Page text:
The present invention relates generally to communication devices. More particularly, the present invention relates to the testing of communication devices.

2. Background Art

Monitoring the quality of service (QoS) of a communication path has typically relied upon sporadic bit-error-rate (BER) testing. Today, communication devices go through BER testing prior to incorporation into communication networks to ensure an acceptable QoS. BER testing plays a vital role in successful development and manufacturing of communication devices. BER testing verifies compatibility with network requirements and can provide priceless diagnostic information during the critical integration testing.

BER testing is commonplace in data communication systems, and in such systems, Pseudo Random Bit Sequence (PRBS) is traditionally transmitted through the device under test (DUT) and looped back, and an error detector at the tester counts any unexpected bit as an error. Such loop-back testing is important in characterizing a DUT by a tester, screening the DUT for IEEE compliance, looking for receiver side BER on the DUT. PRBS is usually generated by applying a polynomial to a binary sequence, e.g. applying a number of XOR (exclusive OR) operations to a binary shift register, and a PRBS generator may be able to generate a PRBS with maximum pattern length of 2n−1, where n=7, 9, 11, 15, 20, 23, 31, and having N Mbits of programmable or user-defined pattern. PRBS testing is a standard and accepted method of testing due to the DC balanced and transition density of the sequence. By varying the PRBS polynomial, one can further stress the DUT.

FIG. 1 illustrates conventional testing system 100 utilizing tester device or system 110 for testing DUT 150. The approach of FIG. 1 may typically be referred to as parallel loop-back for looping back the recovered data to the transmitter through the use of FIFOs. As shown in FIG. 1, tester device 110 includes pattern generator 130, which generates a pre-defined pattern or Tx Data 132, such as a PRBS pattern. Tester device 110 also includes a transmitter or TX1 131, which transmits Tx Data 132 over a communication line, such as a wired line, wireless line or optic line, according to a local clock or C1 127, which is generated by a clock generator or (phase locked loop) PLL1 125 based on a crystal frequency or X1 120.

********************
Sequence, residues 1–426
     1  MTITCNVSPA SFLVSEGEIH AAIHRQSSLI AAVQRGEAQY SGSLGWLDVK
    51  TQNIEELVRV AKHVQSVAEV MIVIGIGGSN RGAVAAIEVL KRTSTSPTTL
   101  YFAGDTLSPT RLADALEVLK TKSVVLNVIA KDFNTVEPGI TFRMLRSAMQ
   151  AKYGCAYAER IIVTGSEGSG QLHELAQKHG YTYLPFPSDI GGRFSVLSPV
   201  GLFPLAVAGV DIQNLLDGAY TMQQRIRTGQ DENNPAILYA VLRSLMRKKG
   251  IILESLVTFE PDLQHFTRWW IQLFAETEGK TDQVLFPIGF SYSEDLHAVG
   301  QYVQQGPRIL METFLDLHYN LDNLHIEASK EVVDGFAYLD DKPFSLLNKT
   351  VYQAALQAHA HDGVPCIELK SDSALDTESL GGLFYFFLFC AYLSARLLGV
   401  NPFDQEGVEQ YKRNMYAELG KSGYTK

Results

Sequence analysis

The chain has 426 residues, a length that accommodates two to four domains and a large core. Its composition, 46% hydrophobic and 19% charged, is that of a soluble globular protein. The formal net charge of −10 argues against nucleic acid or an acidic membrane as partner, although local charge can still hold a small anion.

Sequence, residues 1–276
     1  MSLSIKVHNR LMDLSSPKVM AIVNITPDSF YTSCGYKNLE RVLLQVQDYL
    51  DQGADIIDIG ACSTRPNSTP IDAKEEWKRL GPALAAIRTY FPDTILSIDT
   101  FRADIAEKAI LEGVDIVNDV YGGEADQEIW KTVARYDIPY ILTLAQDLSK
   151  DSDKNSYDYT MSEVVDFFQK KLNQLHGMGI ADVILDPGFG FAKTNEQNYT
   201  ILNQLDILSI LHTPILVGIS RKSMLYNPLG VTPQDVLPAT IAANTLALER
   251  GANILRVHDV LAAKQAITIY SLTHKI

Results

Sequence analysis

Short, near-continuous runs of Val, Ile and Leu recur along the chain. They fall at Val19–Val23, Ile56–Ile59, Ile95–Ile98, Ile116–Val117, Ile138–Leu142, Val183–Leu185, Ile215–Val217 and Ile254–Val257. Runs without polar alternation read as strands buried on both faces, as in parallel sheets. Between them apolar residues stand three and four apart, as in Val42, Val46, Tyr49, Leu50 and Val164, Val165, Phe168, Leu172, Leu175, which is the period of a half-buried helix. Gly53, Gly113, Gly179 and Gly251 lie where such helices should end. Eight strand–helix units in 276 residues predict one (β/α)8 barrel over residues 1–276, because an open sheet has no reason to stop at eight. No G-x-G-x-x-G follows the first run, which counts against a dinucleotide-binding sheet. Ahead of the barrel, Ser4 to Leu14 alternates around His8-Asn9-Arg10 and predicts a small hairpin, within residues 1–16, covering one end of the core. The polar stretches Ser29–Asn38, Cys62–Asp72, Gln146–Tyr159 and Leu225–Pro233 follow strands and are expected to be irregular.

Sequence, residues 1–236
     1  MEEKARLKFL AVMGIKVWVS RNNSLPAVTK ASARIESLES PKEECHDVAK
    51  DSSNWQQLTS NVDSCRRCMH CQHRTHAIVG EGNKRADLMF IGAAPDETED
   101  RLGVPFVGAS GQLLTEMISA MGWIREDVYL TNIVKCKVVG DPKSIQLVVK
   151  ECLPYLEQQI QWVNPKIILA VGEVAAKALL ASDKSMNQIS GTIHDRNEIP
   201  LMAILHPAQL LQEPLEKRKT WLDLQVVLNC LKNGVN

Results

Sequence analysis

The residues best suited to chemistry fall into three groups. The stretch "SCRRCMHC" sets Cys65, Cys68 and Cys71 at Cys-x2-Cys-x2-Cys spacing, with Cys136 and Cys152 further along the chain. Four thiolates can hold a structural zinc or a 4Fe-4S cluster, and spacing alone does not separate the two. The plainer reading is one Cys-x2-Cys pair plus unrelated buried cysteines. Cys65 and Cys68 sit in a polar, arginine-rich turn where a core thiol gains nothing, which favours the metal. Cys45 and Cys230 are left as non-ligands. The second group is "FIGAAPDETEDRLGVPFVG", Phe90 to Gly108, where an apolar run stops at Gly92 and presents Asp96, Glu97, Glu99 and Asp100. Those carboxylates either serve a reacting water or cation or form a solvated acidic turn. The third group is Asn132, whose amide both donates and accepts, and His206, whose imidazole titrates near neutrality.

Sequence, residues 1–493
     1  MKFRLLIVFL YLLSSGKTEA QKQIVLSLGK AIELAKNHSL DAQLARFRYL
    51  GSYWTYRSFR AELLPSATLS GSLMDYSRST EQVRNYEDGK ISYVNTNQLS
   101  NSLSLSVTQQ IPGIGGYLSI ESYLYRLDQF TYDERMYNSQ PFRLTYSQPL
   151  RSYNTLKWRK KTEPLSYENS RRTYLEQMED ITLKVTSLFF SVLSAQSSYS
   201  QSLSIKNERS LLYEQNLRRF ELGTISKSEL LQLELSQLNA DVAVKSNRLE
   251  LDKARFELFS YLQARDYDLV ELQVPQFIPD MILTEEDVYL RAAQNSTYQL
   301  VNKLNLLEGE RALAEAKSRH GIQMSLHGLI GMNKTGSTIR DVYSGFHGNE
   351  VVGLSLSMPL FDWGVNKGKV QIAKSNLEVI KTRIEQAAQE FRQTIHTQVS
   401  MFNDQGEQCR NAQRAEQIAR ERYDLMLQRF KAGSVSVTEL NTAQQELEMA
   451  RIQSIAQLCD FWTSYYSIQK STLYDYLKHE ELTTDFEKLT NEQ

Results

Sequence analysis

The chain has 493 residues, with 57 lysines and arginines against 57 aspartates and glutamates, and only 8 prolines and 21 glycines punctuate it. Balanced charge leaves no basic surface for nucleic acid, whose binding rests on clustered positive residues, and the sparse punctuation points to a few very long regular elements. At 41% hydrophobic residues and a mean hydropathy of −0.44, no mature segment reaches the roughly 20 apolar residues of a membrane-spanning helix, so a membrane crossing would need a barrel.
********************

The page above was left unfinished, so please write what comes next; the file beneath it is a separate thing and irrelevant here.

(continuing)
At the other end, the communication line is connected to DUT 150, such that DUT 150 receiver or RX2 174 receives Tx Data 132 based on a recovered C1 127 clock as Rx Data 172, and DUT 150 is configured in loop-back test mode to send Rx Data 172 to DUT 150 transmitter or TX2 171 for transmission to tester device 110, over the communication line, using the recovered C1 127 by DUT 150. Although DUT 150 includes a clock generator or (phase locked loop) PLL2 165 for generation of a local clock or C2 167 based on a crystal frequency or X2 160, C2 167 is not used by conventional testing system 100, because there is a difference in crystal frequencies X1 120 and X2 160.

Continuing with FIG. 1, tester device 110 receiver or RX1 134 receives transmitted Rx Data 172 by TX2 171, which is transmitted by DUT 150 using the recovered C1 127, shown as C1173 to indicate a frequency offset between C1 127 and the recovered clock at RX2 174. Next, RX1 134 provides the received data to error detector 140, which compares the received data with Tx Data 132, provided by pattern generator 130, to detect errors and generates BER 145. However, at least one problem with the approach of conventional testing system 100 is that the recovered clock or C1173 has a frequency offset with respect to C1 127, and this frequency offset causes additional non-existent bit errors due to at least the finite size of the FIFOs.